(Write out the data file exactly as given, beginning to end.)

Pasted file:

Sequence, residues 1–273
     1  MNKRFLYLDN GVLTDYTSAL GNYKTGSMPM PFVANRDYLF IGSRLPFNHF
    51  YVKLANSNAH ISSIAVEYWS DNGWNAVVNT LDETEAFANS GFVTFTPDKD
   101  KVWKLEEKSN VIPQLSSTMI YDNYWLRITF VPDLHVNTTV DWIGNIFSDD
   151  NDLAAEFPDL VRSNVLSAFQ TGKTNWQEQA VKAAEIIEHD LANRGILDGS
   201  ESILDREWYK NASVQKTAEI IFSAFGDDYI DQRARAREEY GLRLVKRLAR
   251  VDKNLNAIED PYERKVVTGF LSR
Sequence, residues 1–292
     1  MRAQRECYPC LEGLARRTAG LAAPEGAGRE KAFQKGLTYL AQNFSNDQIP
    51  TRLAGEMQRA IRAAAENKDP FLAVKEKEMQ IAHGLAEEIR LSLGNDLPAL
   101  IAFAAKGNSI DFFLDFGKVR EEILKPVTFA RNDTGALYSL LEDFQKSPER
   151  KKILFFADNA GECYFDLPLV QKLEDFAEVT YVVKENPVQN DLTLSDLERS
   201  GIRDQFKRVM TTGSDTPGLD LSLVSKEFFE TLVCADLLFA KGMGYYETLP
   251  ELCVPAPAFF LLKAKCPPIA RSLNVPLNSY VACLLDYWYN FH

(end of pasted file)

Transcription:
Sequence, residues 1–273
     1  MNKRFLYLDN GVLTDYTSAL GNYKTGSMPM PFVANRDYLF IGSRLPFNHF
    51  YVKLANSNAH ISSIAVEYWS DNGWNAVVNT LDETEAFANS GFVTFTPDKD
   101  KVWKLEEKSN VIPQLSSTMI YDNYWLRITF VPDLHVNTTV DWIGNIFSDD
   151  NDLAAEFPDL VRSNVLSAFQ TGKTNWQEQA VKAAEIIEHD LANRGILDGS
   201  ESILDREWYK NASVQKTAEI IFSAFGDDYI DQRARAREEY GLRLVKRLAR
   251  VDKNLNAIED PYERKVVTGF LSR
Sequence, residues 1–292
     1  MRAQRECYPC LEGLARRTAG LAAPEGAGRE KAFQKGLTYL AQNFSNDQIP
    51  TRLAGEMQRA IRAAAENKDP FLAVKEKEMQ IAHGLAEEIR LSLGNDLPAL
   101  IAFAAKGNSI DFFLDFGKVR EEILKPVTFA RNDTGALYSL LEDFQKSPER
   151  KKILFFADNA GECYFDLPLV QKLEDFAEVT YVVKENPVQN DLTLSDLERS
   201  GIRDQFKRVM TTGSDTPGLD LSLVSKEFFE TLVCADLLFA KGMGYYETLP
   251  ELCVPAPAFF LLKAKCPPIA RSLNVPLNSY VACLLDYWYN FH